Erath AgriLife Extension Service will host a Turfgrass Seminar for all homeowners from 9-11 a.m. Saturday in the Donald R. Jones Justice Center’s jury pool room.
Dr. Hennen Cummings, Assistant Professor, Former Director of Turfgrass Management, Executive Sultan of the Hydrotron, Tarleton State University and Lonnie Jenschke, County Extension Agent Erath County will be the speakers.
Topics will include pre-emergence herbicide, weed control, Zika update and mosquito control.
Register before the event by calling 965-1460 or send an email to email@example.com. Don’t forget this is a program to help homeowners improve your winter lawn.
Early blight in tomatoes
The fungus spends the winter in infected plant debris in or on the soil where it can survive at least one and perhaps several years. It can also be seed borne. New spores are produced the following season. The spores are transported by water, wind, insects, other animals including man, and machinery. Once the initial infections have occurred, they become the most important source of new spore production and are responsible for rapid disease spread.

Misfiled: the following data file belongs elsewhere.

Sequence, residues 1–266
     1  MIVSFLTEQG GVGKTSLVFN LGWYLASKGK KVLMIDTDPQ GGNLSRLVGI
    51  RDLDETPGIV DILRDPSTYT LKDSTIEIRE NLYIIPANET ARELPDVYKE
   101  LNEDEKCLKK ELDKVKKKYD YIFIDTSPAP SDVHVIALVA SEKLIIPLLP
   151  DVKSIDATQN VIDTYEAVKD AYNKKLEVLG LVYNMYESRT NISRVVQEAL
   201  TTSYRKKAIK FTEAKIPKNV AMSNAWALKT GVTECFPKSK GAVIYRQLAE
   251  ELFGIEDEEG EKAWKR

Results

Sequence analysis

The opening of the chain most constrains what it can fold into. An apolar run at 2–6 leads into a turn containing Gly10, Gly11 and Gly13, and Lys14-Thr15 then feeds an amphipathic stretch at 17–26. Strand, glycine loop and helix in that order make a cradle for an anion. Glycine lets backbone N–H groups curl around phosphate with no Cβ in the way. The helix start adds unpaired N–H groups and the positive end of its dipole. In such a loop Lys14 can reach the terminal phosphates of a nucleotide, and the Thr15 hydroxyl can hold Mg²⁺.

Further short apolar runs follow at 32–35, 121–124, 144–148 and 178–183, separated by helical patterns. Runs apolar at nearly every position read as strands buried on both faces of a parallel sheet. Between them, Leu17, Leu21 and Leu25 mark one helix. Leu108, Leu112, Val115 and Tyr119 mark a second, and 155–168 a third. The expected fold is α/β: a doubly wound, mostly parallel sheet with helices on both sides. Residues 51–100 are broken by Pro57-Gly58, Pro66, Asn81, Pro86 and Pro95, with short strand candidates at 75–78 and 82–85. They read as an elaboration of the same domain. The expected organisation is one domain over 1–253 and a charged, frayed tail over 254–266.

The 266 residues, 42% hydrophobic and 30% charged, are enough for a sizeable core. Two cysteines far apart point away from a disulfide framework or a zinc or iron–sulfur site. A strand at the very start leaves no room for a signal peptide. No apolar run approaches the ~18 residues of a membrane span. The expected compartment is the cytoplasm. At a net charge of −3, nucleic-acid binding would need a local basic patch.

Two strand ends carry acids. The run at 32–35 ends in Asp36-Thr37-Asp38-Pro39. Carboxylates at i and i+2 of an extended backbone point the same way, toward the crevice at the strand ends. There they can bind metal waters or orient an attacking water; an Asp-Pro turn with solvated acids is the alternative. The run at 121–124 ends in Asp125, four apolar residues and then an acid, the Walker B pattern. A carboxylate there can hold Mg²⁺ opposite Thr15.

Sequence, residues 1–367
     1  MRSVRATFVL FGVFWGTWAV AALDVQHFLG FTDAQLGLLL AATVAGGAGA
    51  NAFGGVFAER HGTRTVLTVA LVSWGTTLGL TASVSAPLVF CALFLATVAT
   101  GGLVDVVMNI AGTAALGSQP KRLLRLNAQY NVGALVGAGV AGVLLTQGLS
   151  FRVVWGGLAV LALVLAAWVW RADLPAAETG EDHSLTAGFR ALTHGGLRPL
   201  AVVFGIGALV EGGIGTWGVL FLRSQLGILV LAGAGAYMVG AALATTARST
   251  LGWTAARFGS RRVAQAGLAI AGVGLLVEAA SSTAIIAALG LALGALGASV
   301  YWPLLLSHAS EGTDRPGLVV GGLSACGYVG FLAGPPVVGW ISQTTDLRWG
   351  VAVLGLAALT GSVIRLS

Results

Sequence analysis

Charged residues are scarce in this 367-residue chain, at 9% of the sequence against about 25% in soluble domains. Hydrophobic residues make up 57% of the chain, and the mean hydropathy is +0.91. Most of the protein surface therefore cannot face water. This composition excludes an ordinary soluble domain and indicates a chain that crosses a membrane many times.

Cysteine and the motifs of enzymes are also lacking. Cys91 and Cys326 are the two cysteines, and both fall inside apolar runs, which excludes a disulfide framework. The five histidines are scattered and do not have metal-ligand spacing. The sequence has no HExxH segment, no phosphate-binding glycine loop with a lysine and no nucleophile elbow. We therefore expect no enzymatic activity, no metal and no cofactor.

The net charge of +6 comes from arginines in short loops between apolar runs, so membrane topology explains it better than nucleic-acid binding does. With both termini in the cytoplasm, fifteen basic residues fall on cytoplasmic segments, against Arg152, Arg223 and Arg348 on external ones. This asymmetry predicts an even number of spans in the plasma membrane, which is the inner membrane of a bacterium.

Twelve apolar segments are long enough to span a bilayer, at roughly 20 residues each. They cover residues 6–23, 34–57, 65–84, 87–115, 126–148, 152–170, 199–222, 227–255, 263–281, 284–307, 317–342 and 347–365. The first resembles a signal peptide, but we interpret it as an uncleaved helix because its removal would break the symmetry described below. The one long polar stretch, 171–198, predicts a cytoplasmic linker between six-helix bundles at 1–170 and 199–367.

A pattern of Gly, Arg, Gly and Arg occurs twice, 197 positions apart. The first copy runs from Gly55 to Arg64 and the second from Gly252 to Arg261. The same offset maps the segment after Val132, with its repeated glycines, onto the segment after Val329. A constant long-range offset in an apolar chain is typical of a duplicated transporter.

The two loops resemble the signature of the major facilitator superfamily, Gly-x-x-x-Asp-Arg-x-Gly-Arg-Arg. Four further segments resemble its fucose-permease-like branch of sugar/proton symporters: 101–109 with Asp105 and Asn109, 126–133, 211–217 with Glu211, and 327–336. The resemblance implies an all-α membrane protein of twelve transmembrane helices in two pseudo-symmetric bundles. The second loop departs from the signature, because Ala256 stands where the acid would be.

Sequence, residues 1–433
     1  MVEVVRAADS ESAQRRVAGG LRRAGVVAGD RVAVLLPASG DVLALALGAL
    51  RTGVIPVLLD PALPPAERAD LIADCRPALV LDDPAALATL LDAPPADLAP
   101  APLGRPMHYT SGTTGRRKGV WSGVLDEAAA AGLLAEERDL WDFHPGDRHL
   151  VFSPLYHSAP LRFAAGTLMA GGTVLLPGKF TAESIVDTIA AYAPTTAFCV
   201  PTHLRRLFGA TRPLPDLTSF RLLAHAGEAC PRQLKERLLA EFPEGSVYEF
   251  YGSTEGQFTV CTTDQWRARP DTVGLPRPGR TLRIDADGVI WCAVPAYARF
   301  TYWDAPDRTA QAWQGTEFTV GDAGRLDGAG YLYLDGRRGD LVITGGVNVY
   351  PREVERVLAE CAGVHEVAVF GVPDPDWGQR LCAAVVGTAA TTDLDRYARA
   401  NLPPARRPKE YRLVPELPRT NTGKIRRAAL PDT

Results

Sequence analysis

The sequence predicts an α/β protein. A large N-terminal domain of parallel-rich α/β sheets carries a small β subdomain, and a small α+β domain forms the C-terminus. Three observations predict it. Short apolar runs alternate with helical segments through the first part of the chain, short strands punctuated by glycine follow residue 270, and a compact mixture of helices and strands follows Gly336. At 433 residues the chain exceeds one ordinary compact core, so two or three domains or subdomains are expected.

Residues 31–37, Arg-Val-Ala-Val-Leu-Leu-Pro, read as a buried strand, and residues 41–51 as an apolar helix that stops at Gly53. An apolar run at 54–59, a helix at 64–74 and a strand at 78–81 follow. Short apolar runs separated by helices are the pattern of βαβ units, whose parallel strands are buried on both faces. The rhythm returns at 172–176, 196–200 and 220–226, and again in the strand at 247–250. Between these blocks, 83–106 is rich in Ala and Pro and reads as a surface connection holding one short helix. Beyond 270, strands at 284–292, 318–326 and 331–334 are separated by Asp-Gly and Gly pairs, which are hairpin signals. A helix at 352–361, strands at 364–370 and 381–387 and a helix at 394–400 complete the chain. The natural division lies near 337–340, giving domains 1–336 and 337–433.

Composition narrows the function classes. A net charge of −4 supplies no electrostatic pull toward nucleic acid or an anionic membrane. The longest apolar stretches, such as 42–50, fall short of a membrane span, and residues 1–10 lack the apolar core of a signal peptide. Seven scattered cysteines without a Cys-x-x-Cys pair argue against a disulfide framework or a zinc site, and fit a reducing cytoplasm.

Use only clean seed saved from disease-free plants. Remove and destroy crop residue at the end of the season. Where this is not practical, plow residue into the soil to promote breakdown by soil microorganisms and to physically remove the spore source from the soil surface. Practice crop rotation to non-susceptible crops (3 years). Be sure to control volunteers and susceptible weeds. Promote good air circulation by proper spacing of plants. Orient rows in the direction of prevailing winds, avoid shaded areas, and avoid wind barriers. Irrigate early in the day to promote rapid drying of foliage. Healthy plants with adequate nutrition are less susceptible to the disease. Minimize plant injury and the spread of spores by controlling insect feeding. Hand picking diseased foliage may slow the rate of disease spread but should not be relied on for control. Do not work in a wet garden. Use resistant or tolerant varieties.